LILaC
Topic: MOLOG  a tool for nonclassical logic programming
Participants:
Luis Fariņas del Cerro,
Andreas Herzig
MOLOG has been developped by the Applied Logic Group at IRIT from 1985 on.
It has been supported by the ESPRIT project ALPES.
Based on the modal resolution method proposed by Luis
Fariñas del Cerro, a first prototype of MOLOG has been
written in 1985 by R. Arthaud.
Subsequently P. Bieber has implemented improved
CProlog
versions in 1986 and 1988,
adapted to other Prolog interpreters by J.F. Bosc in 1992.
The principles of an abstract machine have been elaborated by M. Bricard in 1987.
This work has been continued by J. Garmendia Aguirre and J.M. Alliot
and has led the latter to implementations in ADA and C in 1991.
MOLOG is a general inference machine for building a large class of metainterpreters.
It is in particular suitable for implementing extensions of
Prolog
with nonclassical logics such as logics of knowledge, belief,
time, action, uncertainty, etc.
MOLOG handles Prolog clauses (with conjunctions &
and implications <
) qualified by modal operators , such as
pos:it_rains
(it is possible that it rains), or
knows(a):pos:it_rains
(agent a
knows that it is possible that it rains).
The user has the possibility to define his modal operators.
The language can be multimodal
(i.e., contain several modal operators at the same time).
Classical resolution is extended with modal resolution rules
that define the operations that can be performed on the modal operators.
These rules depend on the modal logic.
The MOLOG user can either use an already existing set of resolution rules,
or create his own set of rules.
The MOLOG implementation that is available is a metainterpreter
written in C_Prolog.
The interpreter currently runs on CProlog, QuintusProlog,
SicstusProlog, and SWIProlog.
Questions and remarks to
Andreas Herzig
 R. Arthaud, P. Bieber, L. Fariñas del Cerro,
J. Henry, A. Herzig (1986),
Automated modal reasoning.
Proc. Int. Conf. on Information Processing and Management of Uncertainty in KnowledgeBaseed Systems (IPMU86),
Springer Verlag, LNCS.
(first version of MOLOG)
 L. Fariñas del Cerro (1986),
MOLOG: a system that extends Prolog with modal logic.
The New Generation Computer Journal 4, pp 3550.
(description of the inference rules for several modal logics)
 L. Fariņas del Cerro, M. Penttonen (1987),
A note on the complexity of the satisfiability of modal Horn clauses.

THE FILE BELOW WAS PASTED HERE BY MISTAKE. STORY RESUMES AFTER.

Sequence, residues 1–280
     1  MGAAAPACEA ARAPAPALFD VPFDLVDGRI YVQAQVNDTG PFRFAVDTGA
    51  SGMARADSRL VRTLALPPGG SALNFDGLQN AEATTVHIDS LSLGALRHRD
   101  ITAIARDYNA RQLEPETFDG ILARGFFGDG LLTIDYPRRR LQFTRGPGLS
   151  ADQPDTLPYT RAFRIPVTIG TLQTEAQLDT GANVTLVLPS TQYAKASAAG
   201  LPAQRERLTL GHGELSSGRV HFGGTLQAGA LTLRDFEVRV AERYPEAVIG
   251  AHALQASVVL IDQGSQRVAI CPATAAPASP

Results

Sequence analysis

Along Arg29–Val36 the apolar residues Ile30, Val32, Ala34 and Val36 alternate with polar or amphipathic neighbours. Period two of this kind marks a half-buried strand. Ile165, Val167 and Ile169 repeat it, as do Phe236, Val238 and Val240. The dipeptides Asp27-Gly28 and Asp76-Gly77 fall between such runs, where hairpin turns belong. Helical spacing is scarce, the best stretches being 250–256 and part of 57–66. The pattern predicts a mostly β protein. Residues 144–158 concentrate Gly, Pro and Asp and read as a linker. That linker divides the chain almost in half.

The Journal of Logic Programming, march 1987.
(complexity results for modal logic programming)
 P. Bieber, L. Fariņas del Cerro, A. Herzig (1988),
MOLOG: A modal Prolog.
Proc. Int. Conf. on Automated Deduction (CADE88),
Springer Verlag, LNCS 310.
(short description of MOLOG)
 Ph. Balbiani, L. Fariņas del Cerro, A. Herzig (1988),
Declarative sematics for modal logic programs.
Proc. Int. Conf. on Fifth Generation Computer Systems (FGCS88).
(definition of a declarative semantics for MOLOG)
Get abstract
 Ph. Balbiani, A. Herzig, M. Lima Marques (1991),
TIM: the Toulouse Inference Machine for nonclassical
logic programming.
Proc. Int. Workshop on Processing Declarative Knowledge (PDK91),
Springer Verlag, LNAI 567.
(definition of a large class of metainterpreters
supported by MOLOG)
Get abstract
 J.M. Alliot, A. Herzig, M. Lima Marques (1992),
Implementing Prolog extensions: a parallel inference machine.
Proc. Int. Conf. on Fifth Generation Computer Systems (FGCS92).
(description of an abstract inference engine for MOLOG)
Get abstract

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 L. Fariņas del Cerro, A. Herzig (1993),
Metaprogramming through intensional deduction: some examples.
Proc. Third Workshop on Metaprogramming in Logic (META92),
Springer Verlag, LNCS 649.
(overview of nonclassical logic programming in MOLOG)
The MOLOG implementation that is described here is a
metainterpreter written in
CProlog.
The heart of the interpreter
The 6 following files contain the C_Prolog 1.6 version 1.02
of the MOLOG interpreter:
ini
 Initialization of the environment
m_top_level
 top level loop
m_translate
 syntactical analysis
m_treat
 action handler
m_utilities
 utilitaries predicates
m_predefined
 MologProlog interface
C_Prolog
,
Quintus_Sicstus
, and
SWI_Prolog
 Compatibility files
for various versions of Prolog,
renaming builtin predicates.
Quintus_not
 compatibility file defining predicate
`not' for Quintus_Prolog.
The rule files
The following files contain resolution rules for several
modal systems.
In particular file epi_fool
is for modal logic S4,
file mod_c_ext
is for contextual logic programming, and
file np_hyp
is for N_Prolog.
classical
 resolution rules for classical firstorder logic
epi_fool
 resolution rules for modal
logic S4
(supporting as well multimodal
versions of S4 and the
fool
operator
of epistemic logic)
hyp
 resolution rules for hypothetical reasoning.
hyp_0
 resolution rules for hypothetical reasoning.
Each clause must be used exactly once.
hyp_mn
 resolution rules for hypothetical reasoning.